Liu Xuguang : The Sound of Intersection and Universe
Source:artintern Author:Ursula Panhans-Bühler Date: 2014-05-26 Size:
 Since I came in contact with the art of Liu Xuguang, my experience that the conditions of contemporary Chinese art are basically different from the Western modern and post-modern drama seemed to be confirmed.

  Since I came in contact with the art of Liu Xuguang, my experience that the conditions of contemporary Chinese art are basically different from the Western modern and post-modern drama seemed to be confirmed. Looking at Liu Xuguang’s series of “Marks”, an artistic investigation he follows since about 20 years, I searched in vain analogies or comparisons in Western art.

  To admit, first I was more moved by his earlier paintings named “Sound of Nature”, “Quiescence” or “Heaven and Earth”, until a was able to understand that his artistic endeavour went the other way round. The aesthetic achievement of his “Marks”, mostly enormous large paintings in the format of classic Chinese rolls in vertical or horizontal time-space-direction, yet mostly in that large size where you are physically involved, was reinforced by the device of installation. These mature paintings are freed from any mood of ‘abstract expressionism’, thus from any overwhelming gestures marked by personal emotions.

  However, there is deep emotion and feeling, yet it stems from two objective sources. First, it stems from a historic time-based narrative, the use of the character bu – 卜 – this pictographic – and ideographic - concept of projecting a future. Critical in this ability to project is not that it might be this or that future, a particular decision with its implicit magic therein. Critical is rather this ability to move out of a given situation and to project actually the idea of a future, of a progress, of a change. Thus, bu became the fundamental act of establishing humanity and civilization, to move in time-space-changes, and the character 卜 marked this civilising revolution. Within the same act, memory was established - an ability to reflect changes and an ability to measure and try to bridge the distance between Heaven and Earth.

  Second,卜 bu – the same act of projecting a future - zhanbu占卜 – has marked the distance of Heaven and Earth, a time-space-concept that marked as well the continuity of Chinese civilization. Thus, Liu Xuguang when he uses the time-honoured character卜 as unique yet endlessly repeatable mark for his large canvases, the act of marking by repetition transmutes the time of marking into a space marked by infinity. Actually, it’s not infinity - this intangibility during our lifetime – yet it evokes the sensation of infinity, and we feel immersed in its bliss, a sense of timelessness that slightly reminds us back to our earthly conditions when we notice at the right side border of the paintings the character 卜 marking with his direction out of the dense field our need for zhanbu 占卜, our need to respect our civil situation between past and future.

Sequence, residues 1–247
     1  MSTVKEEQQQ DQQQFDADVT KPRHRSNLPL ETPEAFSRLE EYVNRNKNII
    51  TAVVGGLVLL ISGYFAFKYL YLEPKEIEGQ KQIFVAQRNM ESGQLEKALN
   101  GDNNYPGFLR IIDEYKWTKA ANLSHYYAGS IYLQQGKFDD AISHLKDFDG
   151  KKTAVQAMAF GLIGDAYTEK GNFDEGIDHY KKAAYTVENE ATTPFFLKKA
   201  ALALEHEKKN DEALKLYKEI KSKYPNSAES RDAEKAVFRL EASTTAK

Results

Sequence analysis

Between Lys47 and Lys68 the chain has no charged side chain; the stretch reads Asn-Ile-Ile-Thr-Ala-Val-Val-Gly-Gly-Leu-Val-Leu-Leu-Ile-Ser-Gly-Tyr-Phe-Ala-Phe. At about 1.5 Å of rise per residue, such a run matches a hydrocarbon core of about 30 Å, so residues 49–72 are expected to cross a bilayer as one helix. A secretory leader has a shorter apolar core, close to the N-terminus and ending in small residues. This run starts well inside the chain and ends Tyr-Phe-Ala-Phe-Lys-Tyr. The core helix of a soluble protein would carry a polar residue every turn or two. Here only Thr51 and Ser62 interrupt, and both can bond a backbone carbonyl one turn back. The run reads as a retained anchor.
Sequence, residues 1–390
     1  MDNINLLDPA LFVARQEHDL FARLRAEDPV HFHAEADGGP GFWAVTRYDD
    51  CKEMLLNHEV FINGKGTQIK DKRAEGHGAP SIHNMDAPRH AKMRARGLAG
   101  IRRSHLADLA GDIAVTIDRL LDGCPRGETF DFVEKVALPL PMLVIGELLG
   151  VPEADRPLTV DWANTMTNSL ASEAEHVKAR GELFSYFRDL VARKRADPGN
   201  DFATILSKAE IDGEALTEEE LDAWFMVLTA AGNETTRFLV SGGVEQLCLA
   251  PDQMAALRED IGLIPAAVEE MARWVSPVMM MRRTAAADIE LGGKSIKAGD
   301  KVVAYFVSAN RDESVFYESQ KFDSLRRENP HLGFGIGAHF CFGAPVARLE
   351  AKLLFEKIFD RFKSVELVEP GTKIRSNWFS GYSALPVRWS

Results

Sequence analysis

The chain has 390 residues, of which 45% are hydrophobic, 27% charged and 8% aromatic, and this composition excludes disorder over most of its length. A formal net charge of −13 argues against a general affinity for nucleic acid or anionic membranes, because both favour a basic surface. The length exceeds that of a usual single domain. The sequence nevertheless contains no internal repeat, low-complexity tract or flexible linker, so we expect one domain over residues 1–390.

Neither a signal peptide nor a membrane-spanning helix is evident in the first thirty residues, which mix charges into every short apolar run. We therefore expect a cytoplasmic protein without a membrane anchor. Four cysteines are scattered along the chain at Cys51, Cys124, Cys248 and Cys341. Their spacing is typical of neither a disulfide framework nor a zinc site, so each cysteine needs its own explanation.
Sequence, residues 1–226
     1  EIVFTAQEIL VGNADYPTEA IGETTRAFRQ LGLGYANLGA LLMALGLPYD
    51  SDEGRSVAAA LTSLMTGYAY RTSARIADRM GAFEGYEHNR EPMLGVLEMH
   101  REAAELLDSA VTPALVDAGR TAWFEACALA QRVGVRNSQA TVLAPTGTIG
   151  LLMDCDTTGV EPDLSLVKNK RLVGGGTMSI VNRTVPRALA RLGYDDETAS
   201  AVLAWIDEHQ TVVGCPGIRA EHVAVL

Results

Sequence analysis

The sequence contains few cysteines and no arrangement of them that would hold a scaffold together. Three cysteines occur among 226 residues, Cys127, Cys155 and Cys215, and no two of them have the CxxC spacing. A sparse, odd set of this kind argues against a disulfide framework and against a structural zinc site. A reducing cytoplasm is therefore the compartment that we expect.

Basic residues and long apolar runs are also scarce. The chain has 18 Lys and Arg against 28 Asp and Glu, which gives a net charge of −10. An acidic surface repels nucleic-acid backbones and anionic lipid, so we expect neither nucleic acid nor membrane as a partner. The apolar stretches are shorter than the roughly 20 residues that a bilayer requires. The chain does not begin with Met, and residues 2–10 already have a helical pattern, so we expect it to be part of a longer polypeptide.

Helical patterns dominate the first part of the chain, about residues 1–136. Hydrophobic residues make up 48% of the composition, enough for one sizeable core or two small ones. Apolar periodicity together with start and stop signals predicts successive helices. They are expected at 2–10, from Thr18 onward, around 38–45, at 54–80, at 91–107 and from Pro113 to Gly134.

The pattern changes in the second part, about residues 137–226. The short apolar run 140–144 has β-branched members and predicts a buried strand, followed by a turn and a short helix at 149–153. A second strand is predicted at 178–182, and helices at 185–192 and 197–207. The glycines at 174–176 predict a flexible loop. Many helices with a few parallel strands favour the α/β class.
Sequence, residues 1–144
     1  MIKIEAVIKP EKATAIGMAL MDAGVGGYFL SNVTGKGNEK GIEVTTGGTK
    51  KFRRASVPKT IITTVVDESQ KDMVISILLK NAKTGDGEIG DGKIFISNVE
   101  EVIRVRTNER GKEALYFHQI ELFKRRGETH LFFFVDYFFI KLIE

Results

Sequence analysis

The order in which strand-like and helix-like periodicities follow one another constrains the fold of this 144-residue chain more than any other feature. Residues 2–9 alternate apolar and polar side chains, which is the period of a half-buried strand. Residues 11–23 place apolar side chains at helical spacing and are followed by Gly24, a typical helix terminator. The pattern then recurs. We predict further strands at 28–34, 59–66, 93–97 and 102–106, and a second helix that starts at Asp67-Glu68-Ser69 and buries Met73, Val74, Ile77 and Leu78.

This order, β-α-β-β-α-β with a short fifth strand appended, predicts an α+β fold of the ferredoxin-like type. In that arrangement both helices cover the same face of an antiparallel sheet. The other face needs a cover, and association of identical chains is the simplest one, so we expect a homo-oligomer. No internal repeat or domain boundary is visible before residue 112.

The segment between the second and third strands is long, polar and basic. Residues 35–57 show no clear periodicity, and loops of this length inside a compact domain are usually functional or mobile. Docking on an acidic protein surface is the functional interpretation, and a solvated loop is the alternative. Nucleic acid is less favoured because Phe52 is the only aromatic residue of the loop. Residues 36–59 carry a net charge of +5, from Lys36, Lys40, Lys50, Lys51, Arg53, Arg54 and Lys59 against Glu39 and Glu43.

The term canvas I just used was meant as a metaphor for an event field, not as a material description of the image’s support. The media Liu Xuguang uses are the Chinese ink and rice paper, but it is not a palingenesis of the traditional way of ink & brush drawings the literati were famous for. However, there is an important link to the traditional culture of Chinese civilisation, to stamps and rubbing, thus to printing devices. To avoid a too personal manner Liu Xuguang uses a stamp for marking the rice paper field with quite infinite lots of卜 where afterwards a paint substance based on rust and glue will be added for more density. A stamp can be used as the most individual mark like the stamp-seals on Chinese ink & brush drawings. Yet a stamp is also a general device to do impersonal copies, several or lots of copies as a cultural media for exchange of information and knowledge. A linguistic character as卜 anyway is part of a media, i.e. written language, not a personal, but an interpersonal or social symbol. There are two ways of doing imprints in Chinese culture: printing by rubbing rice paper on marked fields of stone or brass, or sealing by impressing a carved printing block on the paper. The one device is the opposite handling to the other, yet both are methods of printing. Liu Xuguang transforms the rather personal sealing device by his printing of the character卜 in a more general one.


 Yet while working in this way on his paintings a decisive aesthetic change is initiated. When Liu Xuguang is marking the field of rice paper with the repetition of 卜, the time of marking transforms in a space as if lots of wishes for卜 act together, a whole community of a civilization. The result is a beautiful aleatory rhythm, a sound sustained by infinite voices gathered and as well a sound of Nature given the impersonal specific interaction of the rice paper with the materiality of the paint. The immersion of the audience in the substance field balances the illumination by infinity with the cultural act of marking the desire and ability to project a civil future. Time and Space are entangled in a symbolic simultaneity of what is here and beyond. Or, to quote the marvellous poetic line of Liu Xuguang: “Light shines on the entire earth and everything thereon while shade caresses all the matters quietly.”

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[Editor] 曹英